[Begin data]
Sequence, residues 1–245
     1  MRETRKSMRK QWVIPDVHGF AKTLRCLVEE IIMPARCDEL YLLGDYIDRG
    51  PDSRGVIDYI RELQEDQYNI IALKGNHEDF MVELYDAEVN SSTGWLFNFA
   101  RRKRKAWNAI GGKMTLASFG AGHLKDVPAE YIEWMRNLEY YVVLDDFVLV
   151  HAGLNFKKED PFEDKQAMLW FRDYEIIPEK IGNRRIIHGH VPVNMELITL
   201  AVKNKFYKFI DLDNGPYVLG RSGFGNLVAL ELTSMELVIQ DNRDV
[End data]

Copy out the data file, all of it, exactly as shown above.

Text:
Sequence, residues 1–245
     1  MRETRKSMRK QWVIPDVHGF AKTLRCLVEE IIMPARCDEL YLLGDYIDRG
    51  PDSRGVIDYI RELQEDQYNI IALKGNHEDF MVELYDAEVN SSTGWLFNFA
   101  RRKRKAWNAI GGKMTLASFG AGHLKDVPAE YIEWMRNLEY YVVLDDFVLV
   151  HAGLNFKKED PFEDKQAMLW FRDYEIIPEK IGNRRIIHGH VPVNMELITL
   201  AVKNKFYKFI DLDNGPYVLG RSGFGNLVAL ELTSMELVIQ DNRDV